DENVER (AP) — A food safety expert told Colorado farmers Thursday that last year’s deadly listeria outbreak traced to Colorado cantaloupe proved that they cannot rely on third-party inspections to guarantee their produce is safe.
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Larry Goodridge, associate professor at the Center for Meat Safety and Quality in the Department of Animal Sciences at Colorado State University, told farmers that they bear primary responsibility for food safety.
“Each farm or processing facility has to be able to assess their own risks,” Goodridge told the governor’s annual forum on Colorado agriculture in Denver. “Everybody who produces food has to be responsible for the safety of the food they produce. You cannot rely on third parties. You just can’t.”
The listeria outbreak traced to Jensen Farms in eastern Colorado last year was blamed for the deaths of 32 people. It infected 146 people in 28 states with one of four strains of the disease, according to the Centers for Disease Control and Prevention.
Jensen Farms was given a “superior” inspection rating by a third-party auditor just before the outbreak.
Listeria generally is found in processed meats and unpasteurized milk and cheese, though there have been a growing number of outbreaks in produce.
The Food and Drug Administration does not regulate third-party auditors, and a congressional report released in January quoted the auditing company that graded Jensen farms as saying audits are not intended to improve food safety standards.
Retailers often rely on such audits in an effort to make sure food is safe, the report said.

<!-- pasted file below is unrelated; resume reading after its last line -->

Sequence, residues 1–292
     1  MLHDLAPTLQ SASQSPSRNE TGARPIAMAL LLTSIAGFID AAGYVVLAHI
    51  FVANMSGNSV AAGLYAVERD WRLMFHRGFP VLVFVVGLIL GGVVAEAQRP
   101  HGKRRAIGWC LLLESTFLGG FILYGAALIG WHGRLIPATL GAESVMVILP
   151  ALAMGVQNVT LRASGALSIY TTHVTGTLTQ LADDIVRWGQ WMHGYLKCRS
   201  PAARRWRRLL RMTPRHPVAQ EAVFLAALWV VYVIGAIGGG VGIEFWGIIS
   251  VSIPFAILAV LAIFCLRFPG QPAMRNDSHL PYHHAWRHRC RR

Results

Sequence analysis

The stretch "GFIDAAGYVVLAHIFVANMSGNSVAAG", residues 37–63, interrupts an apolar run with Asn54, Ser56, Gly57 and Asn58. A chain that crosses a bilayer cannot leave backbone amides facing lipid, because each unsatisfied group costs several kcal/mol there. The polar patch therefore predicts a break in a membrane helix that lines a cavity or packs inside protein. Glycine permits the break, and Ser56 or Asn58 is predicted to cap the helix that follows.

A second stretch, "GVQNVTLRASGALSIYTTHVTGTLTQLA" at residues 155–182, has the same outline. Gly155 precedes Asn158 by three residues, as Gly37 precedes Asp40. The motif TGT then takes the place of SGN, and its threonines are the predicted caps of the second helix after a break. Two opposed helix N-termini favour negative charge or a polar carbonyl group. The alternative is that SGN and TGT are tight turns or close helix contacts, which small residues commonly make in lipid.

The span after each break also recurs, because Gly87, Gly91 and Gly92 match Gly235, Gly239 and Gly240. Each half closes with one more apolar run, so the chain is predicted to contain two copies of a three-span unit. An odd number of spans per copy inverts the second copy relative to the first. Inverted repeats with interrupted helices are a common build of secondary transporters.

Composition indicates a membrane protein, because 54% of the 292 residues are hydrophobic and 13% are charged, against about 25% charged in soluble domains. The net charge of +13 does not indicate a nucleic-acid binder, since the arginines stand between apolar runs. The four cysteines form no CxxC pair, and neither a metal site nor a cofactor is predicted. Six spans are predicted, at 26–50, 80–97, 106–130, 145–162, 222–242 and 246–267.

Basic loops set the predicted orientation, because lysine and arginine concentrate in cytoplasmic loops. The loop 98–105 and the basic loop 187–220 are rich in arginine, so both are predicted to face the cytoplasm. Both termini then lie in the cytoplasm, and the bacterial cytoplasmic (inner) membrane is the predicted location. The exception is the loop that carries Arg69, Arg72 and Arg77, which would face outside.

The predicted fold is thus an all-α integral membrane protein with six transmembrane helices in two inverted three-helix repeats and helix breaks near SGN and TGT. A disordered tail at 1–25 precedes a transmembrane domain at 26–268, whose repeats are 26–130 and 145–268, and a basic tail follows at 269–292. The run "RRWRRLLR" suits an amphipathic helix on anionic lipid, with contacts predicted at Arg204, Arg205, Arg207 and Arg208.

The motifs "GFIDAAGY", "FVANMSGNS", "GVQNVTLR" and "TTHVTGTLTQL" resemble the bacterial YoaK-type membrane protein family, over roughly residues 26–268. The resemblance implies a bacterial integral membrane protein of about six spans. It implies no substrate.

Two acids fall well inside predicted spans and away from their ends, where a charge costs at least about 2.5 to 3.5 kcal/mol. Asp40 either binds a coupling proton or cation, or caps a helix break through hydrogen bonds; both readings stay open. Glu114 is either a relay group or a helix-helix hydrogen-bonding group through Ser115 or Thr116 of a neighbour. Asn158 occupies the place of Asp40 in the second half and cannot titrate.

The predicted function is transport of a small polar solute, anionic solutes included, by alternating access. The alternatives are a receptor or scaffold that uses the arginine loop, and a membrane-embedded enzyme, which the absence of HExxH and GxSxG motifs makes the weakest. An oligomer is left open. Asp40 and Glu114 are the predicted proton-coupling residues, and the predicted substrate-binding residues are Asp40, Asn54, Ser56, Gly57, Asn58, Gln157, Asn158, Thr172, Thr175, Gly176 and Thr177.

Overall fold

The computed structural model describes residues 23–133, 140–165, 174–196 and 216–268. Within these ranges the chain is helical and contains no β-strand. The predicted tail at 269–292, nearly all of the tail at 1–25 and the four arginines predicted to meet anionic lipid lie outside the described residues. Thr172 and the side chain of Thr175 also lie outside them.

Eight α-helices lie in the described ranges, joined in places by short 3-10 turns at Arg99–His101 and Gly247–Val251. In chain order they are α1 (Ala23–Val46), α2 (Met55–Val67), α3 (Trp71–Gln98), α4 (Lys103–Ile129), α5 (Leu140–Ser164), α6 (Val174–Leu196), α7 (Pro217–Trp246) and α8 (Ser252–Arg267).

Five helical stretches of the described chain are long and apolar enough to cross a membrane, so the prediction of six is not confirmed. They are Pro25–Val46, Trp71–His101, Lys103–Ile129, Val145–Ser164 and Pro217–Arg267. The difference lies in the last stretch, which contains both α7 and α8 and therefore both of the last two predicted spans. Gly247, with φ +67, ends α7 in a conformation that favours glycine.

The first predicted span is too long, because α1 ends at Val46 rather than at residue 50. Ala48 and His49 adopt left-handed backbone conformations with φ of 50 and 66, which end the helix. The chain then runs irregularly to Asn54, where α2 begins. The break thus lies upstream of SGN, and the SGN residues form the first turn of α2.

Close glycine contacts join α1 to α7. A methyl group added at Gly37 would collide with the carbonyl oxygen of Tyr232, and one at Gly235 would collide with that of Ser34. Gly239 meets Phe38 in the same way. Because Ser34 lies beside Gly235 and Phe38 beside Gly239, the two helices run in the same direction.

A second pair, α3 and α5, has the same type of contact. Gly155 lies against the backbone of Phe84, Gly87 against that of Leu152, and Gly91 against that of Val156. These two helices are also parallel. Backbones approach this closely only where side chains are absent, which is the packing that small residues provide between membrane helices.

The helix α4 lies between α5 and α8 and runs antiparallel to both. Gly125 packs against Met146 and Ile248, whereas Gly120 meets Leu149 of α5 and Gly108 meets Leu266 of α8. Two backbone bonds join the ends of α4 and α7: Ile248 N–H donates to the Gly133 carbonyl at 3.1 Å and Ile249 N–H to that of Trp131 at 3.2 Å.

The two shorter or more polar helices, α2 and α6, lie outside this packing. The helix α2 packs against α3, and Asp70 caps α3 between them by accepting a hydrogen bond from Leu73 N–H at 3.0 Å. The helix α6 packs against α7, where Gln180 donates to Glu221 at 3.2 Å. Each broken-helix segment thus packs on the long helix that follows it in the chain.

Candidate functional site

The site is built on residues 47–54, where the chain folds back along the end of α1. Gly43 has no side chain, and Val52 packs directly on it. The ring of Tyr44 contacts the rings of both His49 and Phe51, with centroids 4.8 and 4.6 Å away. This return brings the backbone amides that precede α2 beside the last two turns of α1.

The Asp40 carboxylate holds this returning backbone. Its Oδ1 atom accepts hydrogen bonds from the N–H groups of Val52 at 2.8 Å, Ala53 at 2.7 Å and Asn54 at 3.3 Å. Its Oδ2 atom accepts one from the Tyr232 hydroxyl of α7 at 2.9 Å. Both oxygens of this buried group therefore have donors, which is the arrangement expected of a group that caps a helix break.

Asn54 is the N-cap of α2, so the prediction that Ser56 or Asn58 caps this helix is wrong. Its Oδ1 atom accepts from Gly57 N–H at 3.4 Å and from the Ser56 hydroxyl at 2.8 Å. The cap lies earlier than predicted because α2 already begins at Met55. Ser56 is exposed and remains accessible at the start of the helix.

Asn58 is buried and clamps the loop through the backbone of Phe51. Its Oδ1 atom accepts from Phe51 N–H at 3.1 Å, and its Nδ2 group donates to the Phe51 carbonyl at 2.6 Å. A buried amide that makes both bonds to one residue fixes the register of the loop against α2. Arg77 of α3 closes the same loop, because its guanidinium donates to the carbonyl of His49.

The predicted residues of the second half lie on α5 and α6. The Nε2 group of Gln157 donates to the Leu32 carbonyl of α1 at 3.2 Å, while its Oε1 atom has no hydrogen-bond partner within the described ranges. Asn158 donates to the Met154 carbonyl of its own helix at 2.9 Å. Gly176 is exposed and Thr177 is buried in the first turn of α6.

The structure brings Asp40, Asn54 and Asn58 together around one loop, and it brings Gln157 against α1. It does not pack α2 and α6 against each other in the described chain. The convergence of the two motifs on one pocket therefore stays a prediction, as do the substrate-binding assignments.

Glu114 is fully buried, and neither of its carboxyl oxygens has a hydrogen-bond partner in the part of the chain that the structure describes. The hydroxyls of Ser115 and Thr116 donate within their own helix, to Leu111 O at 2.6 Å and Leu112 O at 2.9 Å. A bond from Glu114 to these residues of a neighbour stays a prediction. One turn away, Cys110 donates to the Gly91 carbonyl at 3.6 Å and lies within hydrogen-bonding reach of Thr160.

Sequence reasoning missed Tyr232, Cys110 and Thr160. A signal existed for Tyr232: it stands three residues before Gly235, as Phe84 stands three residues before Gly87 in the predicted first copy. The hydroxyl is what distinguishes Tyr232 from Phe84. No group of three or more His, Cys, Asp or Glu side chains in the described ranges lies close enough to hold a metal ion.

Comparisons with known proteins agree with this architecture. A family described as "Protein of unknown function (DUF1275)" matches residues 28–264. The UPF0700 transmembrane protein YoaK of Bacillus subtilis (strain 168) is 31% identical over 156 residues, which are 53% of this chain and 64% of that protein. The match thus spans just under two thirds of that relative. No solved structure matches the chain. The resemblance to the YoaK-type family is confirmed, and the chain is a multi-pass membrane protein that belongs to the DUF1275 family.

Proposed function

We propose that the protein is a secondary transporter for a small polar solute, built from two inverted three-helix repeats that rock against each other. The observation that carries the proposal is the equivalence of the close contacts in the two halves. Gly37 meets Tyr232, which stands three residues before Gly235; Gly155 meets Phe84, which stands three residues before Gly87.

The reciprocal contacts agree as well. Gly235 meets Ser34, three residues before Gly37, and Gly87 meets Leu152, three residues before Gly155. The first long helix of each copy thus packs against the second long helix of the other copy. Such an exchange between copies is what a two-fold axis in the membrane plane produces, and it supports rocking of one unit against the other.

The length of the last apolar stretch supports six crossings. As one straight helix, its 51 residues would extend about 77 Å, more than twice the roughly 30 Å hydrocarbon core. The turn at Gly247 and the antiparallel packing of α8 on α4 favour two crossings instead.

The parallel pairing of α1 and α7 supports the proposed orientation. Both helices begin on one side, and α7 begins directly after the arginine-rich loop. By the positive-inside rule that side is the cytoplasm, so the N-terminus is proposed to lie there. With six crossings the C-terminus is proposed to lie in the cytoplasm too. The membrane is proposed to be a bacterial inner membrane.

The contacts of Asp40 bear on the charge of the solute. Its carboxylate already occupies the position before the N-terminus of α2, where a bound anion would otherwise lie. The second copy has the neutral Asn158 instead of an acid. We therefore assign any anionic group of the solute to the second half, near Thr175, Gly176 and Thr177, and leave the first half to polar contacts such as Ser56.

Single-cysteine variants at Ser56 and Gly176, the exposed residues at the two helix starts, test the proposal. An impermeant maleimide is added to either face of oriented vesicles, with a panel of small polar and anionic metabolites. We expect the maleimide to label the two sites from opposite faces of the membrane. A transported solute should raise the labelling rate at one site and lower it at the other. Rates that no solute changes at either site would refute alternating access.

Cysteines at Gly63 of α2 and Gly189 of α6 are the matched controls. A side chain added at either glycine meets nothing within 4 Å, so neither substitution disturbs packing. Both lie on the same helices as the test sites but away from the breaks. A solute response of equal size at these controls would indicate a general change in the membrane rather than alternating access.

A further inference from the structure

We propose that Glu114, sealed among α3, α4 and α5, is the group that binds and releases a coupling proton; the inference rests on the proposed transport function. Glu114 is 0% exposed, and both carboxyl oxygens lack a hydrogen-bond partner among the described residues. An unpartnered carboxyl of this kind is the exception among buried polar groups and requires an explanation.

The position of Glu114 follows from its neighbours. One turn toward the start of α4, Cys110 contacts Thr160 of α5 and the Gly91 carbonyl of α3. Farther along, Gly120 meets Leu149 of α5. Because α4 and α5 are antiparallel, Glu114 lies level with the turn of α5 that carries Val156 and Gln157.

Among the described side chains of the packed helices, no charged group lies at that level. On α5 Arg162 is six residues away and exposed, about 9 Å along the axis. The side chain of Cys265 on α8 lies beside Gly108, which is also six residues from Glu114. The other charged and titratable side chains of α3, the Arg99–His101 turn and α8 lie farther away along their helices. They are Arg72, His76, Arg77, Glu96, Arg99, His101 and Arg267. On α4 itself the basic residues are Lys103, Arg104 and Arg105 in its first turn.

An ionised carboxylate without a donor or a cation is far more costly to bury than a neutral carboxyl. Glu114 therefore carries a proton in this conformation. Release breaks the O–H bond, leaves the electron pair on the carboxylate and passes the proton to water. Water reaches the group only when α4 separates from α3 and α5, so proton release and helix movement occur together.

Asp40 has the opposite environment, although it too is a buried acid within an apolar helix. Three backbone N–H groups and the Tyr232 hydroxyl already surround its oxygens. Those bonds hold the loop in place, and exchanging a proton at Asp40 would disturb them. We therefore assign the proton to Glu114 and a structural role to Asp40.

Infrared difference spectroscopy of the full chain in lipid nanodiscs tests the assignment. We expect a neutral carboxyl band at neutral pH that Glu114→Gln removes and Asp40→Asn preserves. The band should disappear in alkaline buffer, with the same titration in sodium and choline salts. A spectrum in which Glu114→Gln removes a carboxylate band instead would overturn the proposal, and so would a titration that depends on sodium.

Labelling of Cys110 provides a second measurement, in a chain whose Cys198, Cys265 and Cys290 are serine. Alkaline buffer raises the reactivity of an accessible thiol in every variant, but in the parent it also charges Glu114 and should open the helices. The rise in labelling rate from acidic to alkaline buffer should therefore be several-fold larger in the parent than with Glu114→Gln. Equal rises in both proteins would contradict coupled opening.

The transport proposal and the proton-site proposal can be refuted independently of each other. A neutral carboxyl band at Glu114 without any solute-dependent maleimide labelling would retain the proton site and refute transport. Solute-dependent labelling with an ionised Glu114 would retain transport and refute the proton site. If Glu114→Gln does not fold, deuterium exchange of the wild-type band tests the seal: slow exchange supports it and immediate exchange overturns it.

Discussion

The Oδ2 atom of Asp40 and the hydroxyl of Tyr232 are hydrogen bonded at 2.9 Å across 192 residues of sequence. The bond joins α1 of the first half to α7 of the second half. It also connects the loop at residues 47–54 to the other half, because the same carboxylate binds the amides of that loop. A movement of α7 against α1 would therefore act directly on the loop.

A food safety law passed last year would boost federal inspections of growers — but the money to fund it isn’t guaranteed from Congress. Meanwhile, President Barack Obama’s proposed budget would eliminate the Agriculture Department’s Microbiological Data Program, the nation’s only program that regularly tests fruits and vegetables for deadly pathogens.
Goodridge said that growers who hire auditors often are looking for a thorough assessment of how they are running their operations — but that the auditors might instead perform generic walk-throughs.
He urged farmers to focus on sanitary practices such as keeping equipment and storage areas clean. He also urged them to educate the public on ways to safely handle produce in the same manner as consumers are advised how to safely handle meat.
The FDA said last year that melons at Jensen Farms likely were contaminated in the operation’s packing house, which was using secondhand, hard-to-clean equipment. Melons in the field tested negative.
The new food safety law requires the FDA to improve third-party audits of food facilities abroad that export to the United States, but it does not address domestic audits.